Most of us have probably read advice or tips from different information security awareness campaigns. Growing concern over ransomware and other malicious worms have more organizations mounting anti-spear phishing efforts around the office. In fact, one of the better-known groups in this space, the National Cyber Security Alliance, and its Stay Safe Online website, grew out of a cooperative effort by the private sector nearly a decade ago to counter spear phishing.

Despite a number of other advocacy and research groups who have also created education or awareness campaigns for online and information safety, several flaws have limited the programs’ impact. First, many of these programs about online safety aim toward such broad audiences that the advice becomes too voluminous to follow. Second, traditional security awareness campaigns are difficult to adjust as quickly as the most common threats change. And third, existing security awareness campaigns haven’t benefited from the kind of broad, interdisciplinary research that’s starting to make inroads into the cybersecurity debate.

That may change, however, with the launch of Security Planner, a simple-to-use guide featuring expert advice that’s relevant to the way you work and play online. It’s a project of the The Citizen Lab, an interdisciplinary research and policy group based at the University of Toronto. Citizen Lab has gained attention for its evidence-based research on topics such as cyberwarfare and use of commercial spyware by governments to target dissidents.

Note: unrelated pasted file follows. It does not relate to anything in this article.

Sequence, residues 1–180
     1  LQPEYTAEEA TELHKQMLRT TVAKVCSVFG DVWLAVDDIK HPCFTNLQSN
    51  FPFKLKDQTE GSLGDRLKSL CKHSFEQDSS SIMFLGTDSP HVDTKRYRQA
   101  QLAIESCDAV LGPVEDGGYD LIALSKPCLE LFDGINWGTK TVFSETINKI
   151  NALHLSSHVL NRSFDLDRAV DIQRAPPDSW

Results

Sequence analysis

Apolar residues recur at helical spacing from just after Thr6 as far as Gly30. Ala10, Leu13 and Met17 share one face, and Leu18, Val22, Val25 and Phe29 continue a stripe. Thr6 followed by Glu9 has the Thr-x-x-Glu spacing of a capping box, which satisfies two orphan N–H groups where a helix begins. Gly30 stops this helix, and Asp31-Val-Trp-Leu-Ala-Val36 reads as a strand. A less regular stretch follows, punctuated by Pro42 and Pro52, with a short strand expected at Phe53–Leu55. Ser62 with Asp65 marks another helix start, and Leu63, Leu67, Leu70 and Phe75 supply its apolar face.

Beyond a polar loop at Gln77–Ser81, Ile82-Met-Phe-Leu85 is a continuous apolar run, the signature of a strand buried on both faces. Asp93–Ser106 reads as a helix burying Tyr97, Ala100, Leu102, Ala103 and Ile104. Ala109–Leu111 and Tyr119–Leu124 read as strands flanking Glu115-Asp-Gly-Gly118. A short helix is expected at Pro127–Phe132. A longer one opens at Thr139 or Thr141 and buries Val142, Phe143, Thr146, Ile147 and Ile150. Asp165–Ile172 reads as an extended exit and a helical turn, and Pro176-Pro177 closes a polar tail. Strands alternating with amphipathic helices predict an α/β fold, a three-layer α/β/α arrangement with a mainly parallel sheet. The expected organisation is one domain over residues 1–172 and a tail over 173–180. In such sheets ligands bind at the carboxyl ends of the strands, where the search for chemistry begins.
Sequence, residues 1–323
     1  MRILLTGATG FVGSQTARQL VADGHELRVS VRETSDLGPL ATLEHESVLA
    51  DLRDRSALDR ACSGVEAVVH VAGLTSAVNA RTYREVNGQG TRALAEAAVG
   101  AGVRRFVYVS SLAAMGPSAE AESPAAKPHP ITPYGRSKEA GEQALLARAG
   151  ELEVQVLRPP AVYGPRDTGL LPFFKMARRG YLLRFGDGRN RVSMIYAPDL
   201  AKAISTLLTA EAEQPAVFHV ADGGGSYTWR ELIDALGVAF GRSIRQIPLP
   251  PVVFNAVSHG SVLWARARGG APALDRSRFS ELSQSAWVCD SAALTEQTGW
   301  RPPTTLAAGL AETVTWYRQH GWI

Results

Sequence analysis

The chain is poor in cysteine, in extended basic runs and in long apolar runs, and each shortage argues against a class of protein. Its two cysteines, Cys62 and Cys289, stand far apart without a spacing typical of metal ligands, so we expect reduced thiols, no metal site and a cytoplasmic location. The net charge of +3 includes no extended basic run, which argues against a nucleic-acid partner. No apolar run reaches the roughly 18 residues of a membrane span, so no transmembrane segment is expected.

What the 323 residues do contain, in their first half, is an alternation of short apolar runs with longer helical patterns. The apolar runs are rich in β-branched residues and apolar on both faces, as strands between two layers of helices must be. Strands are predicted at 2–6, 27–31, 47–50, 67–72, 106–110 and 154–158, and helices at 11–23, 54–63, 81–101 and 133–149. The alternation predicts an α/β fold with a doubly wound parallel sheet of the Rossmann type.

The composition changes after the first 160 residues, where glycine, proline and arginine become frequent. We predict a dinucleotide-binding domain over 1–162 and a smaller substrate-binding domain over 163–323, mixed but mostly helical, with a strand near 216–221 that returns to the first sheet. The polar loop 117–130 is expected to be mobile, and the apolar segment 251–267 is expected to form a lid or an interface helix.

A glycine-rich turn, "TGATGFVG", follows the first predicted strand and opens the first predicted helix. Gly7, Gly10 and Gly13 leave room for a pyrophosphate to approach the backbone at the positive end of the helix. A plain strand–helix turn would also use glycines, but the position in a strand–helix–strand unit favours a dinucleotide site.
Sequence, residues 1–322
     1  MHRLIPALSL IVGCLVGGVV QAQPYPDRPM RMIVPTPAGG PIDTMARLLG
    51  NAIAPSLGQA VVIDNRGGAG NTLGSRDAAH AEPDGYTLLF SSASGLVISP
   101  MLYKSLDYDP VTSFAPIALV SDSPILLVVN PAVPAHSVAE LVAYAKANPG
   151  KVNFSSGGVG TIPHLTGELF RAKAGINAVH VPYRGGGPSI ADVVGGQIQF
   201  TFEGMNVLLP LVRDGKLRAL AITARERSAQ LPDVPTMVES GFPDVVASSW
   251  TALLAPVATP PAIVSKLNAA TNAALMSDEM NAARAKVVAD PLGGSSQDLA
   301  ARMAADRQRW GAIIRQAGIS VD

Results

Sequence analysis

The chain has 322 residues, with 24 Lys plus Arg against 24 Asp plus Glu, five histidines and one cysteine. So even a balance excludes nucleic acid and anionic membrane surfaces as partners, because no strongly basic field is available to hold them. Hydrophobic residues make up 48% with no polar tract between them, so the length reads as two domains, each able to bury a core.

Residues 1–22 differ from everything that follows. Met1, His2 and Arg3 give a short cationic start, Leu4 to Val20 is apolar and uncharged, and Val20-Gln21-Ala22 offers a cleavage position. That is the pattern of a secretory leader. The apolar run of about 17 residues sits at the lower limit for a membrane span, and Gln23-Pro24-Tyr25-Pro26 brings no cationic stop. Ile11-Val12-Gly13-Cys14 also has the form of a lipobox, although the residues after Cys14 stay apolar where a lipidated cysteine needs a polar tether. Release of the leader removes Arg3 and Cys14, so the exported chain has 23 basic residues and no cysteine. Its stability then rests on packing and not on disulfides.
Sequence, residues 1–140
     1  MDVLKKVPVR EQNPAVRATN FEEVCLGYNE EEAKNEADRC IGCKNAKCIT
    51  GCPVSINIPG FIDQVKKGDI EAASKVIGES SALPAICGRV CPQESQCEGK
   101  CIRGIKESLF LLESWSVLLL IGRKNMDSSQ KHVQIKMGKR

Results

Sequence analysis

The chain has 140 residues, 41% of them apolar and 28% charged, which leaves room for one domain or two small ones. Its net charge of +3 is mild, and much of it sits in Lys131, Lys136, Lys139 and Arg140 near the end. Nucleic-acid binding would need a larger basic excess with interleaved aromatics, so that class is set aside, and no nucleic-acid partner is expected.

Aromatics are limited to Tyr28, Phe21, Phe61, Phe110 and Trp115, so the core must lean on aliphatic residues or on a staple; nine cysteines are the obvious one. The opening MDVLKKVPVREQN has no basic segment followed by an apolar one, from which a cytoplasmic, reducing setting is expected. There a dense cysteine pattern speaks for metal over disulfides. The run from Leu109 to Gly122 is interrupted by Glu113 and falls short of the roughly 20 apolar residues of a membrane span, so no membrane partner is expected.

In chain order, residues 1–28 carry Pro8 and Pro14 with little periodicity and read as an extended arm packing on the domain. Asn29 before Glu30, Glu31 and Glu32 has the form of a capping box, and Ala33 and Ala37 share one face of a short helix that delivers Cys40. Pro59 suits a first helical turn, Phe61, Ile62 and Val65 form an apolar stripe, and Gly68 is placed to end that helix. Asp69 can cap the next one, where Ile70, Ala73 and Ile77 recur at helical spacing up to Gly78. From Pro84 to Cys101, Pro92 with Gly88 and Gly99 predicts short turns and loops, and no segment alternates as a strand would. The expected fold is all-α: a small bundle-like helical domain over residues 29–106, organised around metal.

SEE: IT leader’s guide to the threat of cyberwarfare (Tech Pro Research)

The clear value of Security Planner over traditional approaches to online safety comes from its tailored security advice for specific needs. Users answer a few basic questions about how they browse, connect to the internet, or use a smartphone (without having to provide any personal information), and then they receive advice that has been vetted and peer reviewed to help them stay safe.

The philosophy behind this new tool is clear: “It is easy to feel overwhelmed by the challenge of how to be safer online.” It therefore tend toward fewer bits of advice, starting with some basics for all users, like using two-factor authentication on accounts. Future revisions promise to reveal more behind-the-scenes information about how recommendations are made. In the meantime, this first released version looks to be a very positive step toward smarter, more behavior-based approaches to helping users stay more secure in their daily lives.